BEIRUT — Syrian President Bashar Assad publicly agreed Thursday to a Russian plan to secure and destroy his chemical weapons, but said the proposal would work only if the U.S. halts threats of military action.
Assad also said his government will start submitting data on its chemical weapons stockpile a month after signing the convention banning such weapons.
Syria’s U.N. ambassador Bashar Ja’afari told reporters Thursday that he presented Secretary-General Ban Ki-moon with “the instrument of accession” to the Chemical Weapons Convention making his country a full member of the treaty banning the use of chemical weapons.
U.N. associate spokesman Farhan Haq said that while secretary-general welcomes the development, Syria will only become a member 30 days after its instrument of accession is deposited and that the documentation is still being studied.
American officials, meeting with their Russian counterparts in Geneva, insisted on a speedier Syrian accounting of their stockpiles.
Assad’s remarks to Russia’s state Rossiya 24 news channel were his first since the Russian plan was announced Monday as a way to avert a potential U.S. military strike in response to the Aug. 21 chemical weapons attack that killed hundreds near Damascus.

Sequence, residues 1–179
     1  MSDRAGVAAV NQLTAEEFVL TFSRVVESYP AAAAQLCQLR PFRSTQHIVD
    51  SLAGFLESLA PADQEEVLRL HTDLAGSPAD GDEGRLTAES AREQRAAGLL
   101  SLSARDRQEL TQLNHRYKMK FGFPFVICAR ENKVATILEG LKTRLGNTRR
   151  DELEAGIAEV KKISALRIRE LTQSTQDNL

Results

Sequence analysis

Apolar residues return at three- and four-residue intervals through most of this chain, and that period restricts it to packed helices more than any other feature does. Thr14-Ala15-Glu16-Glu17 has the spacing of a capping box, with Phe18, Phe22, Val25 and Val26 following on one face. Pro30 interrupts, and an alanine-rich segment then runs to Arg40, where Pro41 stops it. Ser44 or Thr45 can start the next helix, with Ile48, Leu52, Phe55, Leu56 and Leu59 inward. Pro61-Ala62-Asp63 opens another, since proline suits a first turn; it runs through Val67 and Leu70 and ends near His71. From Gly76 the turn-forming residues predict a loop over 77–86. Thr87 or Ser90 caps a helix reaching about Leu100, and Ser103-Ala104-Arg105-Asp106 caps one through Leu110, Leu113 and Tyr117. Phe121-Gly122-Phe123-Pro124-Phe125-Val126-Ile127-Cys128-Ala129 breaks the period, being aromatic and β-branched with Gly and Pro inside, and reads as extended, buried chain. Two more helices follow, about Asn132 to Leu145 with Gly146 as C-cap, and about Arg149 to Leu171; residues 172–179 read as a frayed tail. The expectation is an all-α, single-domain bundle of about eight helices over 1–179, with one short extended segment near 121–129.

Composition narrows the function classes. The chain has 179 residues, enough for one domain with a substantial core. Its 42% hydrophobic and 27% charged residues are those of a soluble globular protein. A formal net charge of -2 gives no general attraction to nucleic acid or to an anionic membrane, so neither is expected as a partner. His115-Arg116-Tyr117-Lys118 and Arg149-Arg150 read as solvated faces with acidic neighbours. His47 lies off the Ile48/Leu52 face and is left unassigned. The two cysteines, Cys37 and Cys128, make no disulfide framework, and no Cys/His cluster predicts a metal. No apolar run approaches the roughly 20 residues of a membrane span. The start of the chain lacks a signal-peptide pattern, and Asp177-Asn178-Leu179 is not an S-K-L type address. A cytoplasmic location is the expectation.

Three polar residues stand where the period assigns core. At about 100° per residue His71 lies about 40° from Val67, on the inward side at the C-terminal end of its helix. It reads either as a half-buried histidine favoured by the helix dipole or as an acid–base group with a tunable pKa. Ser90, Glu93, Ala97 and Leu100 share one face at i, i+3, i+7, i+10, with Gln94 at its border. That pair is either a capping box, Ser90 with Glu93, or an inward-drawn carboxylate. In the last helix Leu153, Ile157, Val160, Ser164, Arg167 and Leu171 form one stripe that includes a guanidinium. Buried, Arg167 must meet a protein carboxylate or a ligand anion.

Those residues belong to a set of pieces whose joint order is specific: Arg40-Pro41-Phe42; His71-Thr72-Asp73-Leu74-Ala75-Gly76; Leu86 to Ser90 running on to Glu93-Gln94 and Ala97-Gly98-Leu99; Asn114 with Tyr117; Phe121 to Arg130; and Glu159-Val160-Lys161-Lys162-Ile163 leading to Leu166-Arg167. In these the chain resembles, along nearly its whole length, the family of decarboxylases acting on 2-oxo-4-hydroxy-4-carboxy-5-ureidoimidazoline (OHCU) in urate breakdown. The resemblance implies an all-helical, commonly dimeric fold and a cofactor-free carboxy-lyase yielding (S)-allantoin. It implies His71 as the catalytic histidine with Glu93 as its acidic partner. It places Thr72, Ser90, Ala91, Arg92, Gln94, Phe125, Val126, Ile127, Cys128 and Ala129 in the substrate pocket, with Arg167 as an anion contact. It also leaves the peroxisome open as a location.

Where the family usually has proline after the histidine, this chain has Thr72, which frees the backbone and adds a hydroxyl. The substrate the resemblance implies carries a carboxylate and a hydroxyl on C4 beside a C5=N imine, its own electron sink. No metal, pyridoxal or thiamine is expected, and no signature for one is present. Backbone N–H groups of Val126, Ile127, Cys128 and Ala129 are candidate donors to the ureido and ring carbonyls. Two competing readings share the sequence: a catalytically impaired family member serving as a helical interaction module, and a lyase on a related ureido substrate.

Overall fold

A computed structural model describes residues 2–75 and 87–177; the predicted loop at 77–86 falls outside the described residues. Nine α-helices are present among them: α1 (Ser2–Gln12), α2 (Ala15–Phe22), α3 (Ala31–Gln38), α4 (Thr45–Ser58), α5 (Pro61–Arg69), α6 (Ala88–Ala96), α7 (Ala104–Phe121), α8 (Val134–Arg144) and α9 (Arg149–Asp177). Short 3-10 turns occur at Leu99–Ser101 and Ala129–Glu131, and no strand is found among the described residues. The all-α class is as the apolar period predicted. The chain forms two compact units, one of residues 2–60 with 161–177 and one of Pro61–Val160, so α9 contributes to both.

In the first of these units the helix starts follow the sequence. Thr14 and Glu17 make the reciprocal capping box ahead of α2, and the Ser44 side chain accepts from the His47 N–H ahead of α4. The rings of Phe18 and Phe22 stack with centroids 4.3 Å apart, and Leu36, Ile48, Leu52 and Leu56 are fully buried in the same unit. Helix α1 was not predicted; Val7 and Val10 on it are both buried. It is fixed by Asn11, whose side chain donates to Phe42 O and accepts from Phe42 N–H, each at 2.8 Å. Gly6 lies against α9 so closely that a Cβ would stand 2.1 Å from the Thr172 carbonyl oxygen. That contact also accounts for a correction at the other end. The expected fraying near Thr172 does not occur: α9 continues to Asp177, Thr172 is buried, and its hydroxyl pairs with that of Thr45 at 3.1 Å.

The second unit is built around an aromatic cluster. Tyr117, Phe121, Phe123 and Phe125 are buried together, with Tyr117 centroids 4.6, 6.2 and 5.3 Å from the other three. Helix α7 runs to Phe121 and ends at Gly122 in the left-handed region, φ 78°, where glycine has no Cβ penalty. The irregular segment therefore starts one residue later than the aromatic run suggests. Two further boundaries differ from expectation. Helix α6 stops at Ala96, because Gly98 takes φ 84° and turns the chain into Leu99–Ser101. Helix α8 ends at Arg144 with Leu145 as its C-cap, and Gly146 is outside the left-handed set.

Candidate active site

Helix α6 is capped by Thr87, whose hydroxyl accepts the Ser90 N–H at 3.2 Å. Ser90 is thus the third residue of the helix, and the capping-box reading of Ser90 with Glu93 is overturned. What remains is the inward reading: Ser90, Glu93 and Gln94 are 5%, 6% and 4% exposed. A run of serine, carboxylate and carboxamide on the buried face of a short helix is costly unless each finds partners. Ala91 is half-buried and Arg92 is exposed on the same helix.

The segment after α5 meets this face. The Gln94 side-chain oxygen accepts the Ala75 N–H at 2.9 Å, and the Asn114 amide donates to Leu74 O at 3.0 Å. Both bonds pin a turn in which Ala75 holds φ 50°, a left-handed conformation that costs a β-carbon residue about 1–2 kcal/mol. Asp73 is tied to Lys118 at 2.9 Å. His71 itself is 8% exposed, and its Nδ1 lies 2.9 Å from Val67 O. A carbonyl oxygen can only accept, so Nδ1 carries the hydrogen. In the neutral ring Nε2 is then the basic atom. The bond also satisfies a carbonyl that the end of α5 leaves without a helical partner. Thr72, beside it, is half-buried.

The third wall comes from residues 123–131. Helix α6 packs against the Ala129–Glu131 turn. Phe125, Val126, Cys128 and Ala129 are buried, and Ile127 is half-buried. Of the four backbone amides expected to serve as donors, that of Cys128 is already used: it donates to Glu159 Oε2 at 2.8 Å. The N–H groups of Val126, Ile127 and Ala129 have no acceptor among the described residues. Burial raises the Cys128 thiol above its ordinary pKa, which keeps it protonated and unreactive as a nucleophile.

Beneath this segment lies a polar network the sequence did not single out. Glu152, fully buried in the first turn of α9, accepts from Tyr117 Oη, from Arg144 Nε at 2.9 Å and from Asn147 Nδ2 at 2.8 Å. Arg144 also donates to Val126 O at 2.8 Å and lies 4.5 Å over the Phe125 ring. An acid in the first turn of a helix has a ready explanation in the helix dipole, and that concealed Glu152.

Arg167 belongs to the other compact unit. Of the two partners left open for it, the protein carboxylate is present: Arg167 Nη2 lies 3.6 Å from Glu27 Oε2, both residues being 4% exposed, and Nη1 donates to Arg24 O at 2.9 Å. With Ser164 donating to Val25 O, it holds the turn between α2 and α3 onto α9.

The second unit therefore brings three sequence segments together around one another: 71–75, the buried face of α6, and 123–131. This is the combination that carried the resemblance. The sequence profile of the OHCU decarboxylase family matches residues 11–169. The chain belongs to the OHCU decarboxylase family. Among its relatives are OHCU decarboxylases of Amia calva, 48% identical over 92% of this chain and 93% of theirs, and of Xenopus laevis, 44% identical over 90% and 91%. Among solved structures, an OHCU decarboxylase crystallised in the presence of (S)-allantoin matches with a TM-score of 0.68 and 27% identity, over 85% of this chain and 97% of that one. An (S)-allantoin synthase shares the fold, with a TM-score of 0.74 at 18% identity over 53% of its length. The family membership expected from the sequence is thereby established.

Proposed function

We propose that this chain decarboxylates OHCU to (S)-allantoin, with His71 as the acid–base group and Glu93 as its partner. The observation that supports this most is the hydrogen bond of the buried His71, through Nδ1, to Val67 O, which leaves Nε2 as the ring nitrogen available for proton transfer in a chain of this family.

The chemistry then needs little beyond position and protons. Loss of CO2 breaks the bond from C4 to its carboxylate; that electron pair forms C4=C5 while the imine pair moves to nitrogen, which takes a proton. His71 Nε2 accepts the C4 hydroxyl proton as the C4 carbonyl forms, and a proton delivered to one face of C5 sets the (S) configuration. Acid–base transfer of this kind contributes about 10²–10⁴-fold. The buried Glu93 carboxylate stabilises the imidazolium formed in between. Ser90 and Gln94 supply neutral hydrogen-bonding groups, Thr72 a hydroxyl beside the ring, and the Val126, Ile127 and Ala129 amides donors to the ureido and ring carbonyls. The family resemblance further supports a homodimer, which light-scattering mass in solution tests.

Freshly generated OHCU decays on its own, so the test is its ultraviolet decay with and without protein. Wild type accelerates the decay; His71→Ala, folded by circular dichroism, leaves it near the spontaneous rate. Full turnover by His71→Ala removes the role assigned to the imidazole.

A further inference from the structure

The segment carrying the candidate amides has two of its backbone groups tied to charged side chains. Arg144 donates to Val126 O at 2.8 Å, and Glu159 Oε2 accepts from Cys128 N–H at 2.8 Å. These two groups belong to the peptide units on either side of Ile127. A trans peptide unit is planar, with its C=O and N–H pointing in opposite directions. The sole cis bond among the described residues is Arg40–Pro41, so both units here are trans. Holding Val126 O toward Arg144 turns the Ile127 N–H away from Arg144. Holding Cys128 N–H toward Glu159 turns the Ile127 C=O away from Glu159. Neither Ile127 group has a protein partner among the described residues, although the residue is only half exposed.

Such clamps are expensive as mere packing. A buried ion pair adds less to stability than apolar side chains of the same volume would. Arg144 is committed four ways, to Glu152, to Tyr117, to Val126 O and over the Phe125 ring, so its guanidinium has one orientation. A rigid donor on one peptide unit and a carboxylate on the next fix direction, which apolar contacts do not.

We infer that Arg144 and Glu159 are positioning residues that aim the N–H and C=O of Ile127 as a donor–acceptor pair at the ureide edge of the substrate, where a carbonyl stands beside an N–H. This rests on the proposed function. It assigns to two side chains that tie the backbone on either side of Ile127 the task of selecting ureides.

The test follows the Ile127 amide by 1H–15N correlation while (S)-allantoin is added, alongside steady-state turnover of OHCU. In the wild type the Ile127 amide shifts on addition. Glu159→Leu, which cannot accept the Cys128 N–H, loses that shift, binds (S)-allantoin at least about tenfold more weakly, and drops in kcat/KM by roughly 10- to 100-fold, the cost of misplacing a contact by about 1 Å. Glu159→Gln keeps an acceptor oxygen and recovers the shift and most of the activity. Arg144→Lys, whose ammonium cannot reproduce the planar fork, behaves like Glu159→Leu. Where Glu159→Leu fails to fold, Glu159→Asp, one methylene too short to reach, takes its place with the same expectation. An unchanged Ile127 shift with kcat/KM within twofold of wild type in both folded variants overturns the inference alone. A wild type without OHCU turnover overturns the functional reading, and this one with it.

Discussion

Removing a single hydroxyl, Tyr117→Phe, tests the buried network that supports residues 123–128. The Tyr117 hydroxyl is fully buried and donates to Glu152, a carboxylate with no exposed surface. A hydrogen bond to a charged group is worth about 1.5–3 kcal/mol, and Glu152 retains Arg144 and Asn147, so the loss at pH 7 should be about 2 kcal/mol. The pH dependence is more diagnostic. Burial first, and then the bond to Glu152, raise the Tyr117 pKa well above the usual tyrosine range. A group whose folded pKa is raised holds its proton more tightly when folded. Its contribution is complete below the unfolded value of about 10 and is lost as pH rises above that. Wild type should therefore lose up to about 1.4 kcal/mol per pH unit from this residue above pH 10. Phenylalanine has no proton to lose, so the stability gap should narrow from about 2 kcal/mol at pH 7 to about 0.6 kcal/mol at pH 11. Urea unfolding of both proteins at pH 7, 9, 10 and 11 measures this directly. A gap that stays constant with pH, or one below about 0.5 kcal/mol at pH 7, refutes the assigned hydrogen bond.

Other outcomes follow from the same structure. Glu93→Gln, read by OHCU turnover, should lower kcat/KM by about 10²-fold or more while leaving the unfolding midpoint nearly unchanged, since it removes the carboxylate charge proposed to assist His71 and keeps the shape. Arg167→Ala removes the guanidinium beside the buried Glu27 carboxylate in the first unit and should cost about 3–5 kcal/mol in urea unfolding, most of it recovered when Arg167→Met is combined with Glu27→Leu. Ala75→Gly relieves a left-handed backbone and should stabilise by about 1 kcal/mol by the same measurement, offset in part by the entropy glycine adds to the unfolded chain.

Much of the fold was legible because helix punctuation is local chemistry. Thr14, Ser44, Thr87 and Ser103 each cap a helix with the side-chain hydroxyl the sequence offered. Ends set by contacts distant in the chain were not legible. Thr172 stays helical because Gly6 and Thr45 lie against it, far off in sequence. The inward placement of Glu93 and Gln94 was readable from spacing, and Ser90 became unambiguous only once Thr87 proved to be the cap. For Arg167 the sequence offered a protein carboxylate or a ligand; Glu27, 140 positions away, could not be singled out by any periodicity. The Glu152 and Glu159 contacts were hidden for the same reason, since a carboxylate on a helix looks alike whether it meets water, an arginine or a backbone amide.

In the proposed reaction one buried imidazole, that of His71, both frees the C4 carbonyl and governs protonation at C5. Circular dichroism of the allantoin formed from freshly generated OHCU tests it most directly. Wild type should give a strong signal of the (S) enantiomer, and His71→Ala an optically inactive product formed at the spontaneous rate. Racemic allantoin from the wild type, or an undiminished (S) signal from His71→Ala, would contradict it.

He said that Syria is relinquishing control over its chemical weapons because of Russia.
“We agreed to put Syria’s chemical weapons under international supervision in response to Russia’s request and not because of American threats,” Assad said.
“In my view, the agreement will begin to take effect a month after its signing, and Syria will begin turning over to international organizations data about its chemical weapons,” Assad said.